Iran’s Growing Cyber Capabilities in a Post-Stuxnet Era

From right: Andretta Towner, Senior Intelligence Analyst at CrowdStrike; JD Work, Research Director at the Cyber Conflict Documentation Project; and Barbara Slavin, Nonresident Senior Fellow in the Atlantic Council’s South Asia Center, participated in a discussion on “The Future of Iranian Cyber Threat” at the Atlantic Council April 8. Paul Kurtz (left), CEO of TruSTAR Technology, moderated the discussion.

Cyber attack on Iran served as an ‘awakening’ for Tehran

Iran has vastly ramped up its cyber capabilities transforming itself from a “Tier 3” country to one that poses a significant global threat in the years following a massive cyber attack on its nuclear facilities, panelists said at the Atlantic Council April 8.

“Iran is definitely not a Tier 3 country any more,” said Andretta Towner, Senior Intelligence Analyst at CrowdStrike, a provider of security technology. 

Over the past three years, Iran’s budget for cyber security has increased 1,200 percent, said Towner.

“They’re building this up as they would any other capability, but it seems that when we look forward we want to know are they building it up specifically to use it or are they just building this up in case they need it,” she added.

Iran’s focus on cyber security appears to have been driven, at least in part, by a massive cyber attack on its nuclear facilities five years ago. In 2010, the United States and Israel used the Stuxnet computer virus to disable centrifuges Iran was using to enrich uranium at its facility in Natanz.

“Stuxnet was kind of an awakening for them in cyber security matters… so the country decided that building the national cyber capability was just the next natural step,” said Towner.

Iran has since been suspected in cyber attacks on Saudi state oil company Aramco and the Qatari natural gas firm RasGas in 2012, and the Sands casino in 2014. Iranian hackers were also accused of attacking US banks in 2012.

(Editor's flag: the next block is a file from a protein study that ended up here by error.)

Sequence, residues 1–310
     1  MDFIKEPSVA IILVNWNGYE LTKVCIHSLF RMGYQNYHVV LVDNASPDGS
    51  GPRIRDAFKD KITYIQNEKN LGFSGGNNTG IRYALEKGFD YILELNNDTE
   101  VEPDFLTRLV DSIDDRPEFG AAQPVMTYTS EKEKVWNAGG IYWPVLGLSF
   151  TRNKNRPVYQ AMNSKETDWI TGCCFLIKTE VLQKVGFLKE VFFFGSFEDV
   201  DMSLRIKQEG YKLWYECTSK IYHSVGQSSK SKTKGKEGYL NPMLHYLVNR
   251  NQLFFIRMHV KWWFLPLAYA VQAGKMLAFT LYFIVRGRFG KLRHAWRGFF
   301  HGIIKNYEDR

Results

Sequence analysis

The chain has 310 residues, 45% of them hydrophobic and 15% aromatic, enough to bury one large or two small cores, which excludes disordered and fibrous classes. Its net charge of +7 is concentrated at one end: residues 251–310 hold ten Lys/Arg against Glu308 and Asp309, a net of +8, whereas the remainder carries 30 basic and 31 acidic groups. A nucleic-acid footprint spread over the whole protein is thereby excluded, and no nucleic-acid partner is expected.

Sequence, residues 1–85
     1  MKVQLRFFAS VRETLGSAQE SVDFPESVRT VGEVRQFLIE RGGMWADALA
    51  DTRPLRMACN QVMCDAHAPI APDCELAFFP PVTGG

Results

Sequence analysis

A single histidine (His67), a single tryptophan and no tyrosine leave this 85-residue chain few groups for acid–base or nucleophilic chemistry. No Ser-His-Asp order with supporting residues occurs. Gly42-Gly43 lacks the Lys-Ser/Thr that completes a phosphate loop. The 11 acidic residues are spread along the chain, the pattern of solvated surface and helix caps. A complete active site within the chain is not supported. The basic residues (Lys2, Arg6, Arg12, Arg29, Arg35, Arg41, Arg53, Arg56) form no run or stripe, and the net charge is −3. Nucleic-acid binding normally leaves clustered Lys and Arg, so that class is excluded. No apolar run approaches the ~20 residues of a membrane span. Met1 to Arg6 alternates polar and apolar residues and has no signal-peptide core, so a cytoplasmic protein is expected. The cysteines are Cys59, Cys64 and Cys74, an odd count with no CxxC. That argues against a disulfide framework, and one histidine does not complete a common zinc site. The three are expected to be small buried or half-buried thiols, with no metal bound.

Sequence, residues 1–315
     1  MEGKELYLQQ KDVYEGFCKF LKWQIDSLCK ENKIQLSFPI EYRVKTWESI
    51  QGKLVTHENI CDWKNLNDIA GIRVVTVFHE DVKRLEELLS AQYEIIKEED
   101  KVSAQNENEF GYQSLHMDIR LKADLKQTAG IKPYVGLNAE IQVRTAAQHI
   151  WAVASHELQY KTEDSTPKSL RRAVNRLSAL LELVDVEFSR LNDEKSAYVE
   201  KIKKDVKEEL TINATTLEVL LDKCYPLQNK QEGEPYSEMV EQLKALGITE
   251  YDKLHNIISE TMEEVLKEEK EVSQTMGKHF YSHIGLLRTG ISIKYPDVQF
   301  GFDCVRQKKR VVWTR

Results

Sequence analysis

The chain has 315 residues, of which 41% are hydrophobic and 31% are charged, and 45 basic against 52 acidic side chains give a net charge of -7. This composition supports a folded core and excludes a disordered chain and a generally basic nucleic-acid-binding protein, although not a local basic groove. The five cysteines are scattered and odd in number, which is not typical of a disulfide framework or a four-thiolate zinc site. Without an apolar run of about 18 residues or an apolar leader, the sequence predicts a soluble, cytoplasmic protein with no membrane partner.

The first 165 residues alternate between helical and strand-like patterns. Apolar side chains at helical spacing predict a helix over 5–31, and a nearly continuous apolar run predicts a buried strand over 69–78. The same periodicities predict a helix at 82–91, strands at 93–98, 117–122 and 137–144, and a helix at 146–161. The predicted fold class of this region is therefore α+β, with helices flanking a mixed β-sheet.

“We have learned from Stuxnet that there are consequences to our actions and that we should be very careful before we attack the infrastructure of other countries because they have an ability to respond,” said Barbara Slavin, Nonresident Senior Fellow in the Atlantic Council’s South Asia Center. “Iran’s response to Stuxnet cost millions of dollars to our financial sector and presumably they could wreak worse havoc if provoked.”

Slavin co-authored an issue brief—Iran: How a Third Tier Cyber Power Can Still Threaten the United Stateswith Jason Healey, Director of the Atlantic Council’s Cyber Statecraft Initiative in July of 2013. The brief evaluated Iran’s cyber warfare capabilities and US vulnerabilities to such attacks.

Slavin and Towner were part of a panel on “The Future of Iranian Cyber Threat” that was part of the Atlantic Council’s Cyber Risk Wednesday series. Paul Kurtz, CEO of TruSTAR Technology, moderated the discussion.

Slavin said Iran’s involvement in cyber attacks has diminished since the election of President Hassan Rouhani in 2013.

Iran is one of the most wired countries in the Middle East—more than 70 percent of Iranians have Internet access—but the government has a firm grip on information. Most ordinary Iranians don’t have access to social media sites. The leadership, however, frequently uses networking sites such as Twitter as has been evident from Rouhani’s and Foreign Minister Javad Zarif’s frequent Twitter messages.

Cyber espionage focus shifts

Iran has mostly directed its cyber espionage at Israel. However, in December of 2014 some of that focus shifted to regional diplomatic targets in the midst of Iran’s negotiations with world powers on its nuclear program, said Towner.

“As they build up their cyber capabilities it is two-fold: While they can use it for intelligence gathering… they can also use it for their other political agendas in the Middle East,” she said.

“When they are looking at spending their money they can definitely look at getting more bang for their buck.”

The national security establishments of the United States and the European Union need to determine at “what threshold actions, whether cyber or kinetic or soft power actions, will follow from unacceptable behavior,” said JD Work, Research Director at the Cyber Conflict Documentation Project and a participant in the discussion.

“We do not know what a strong deterrence posture looks like in cyber. I think we’ve been talking about it for a very long time, and we have not yet demonstrated actions which would create a deterrent capability, and we have not demonstrated the political will to employ a deterrent capability in such a way that would forestall future unacceptable actions by other states,” he added.

Ashish Kumar Sen is a staff writer at the Atlantic Council.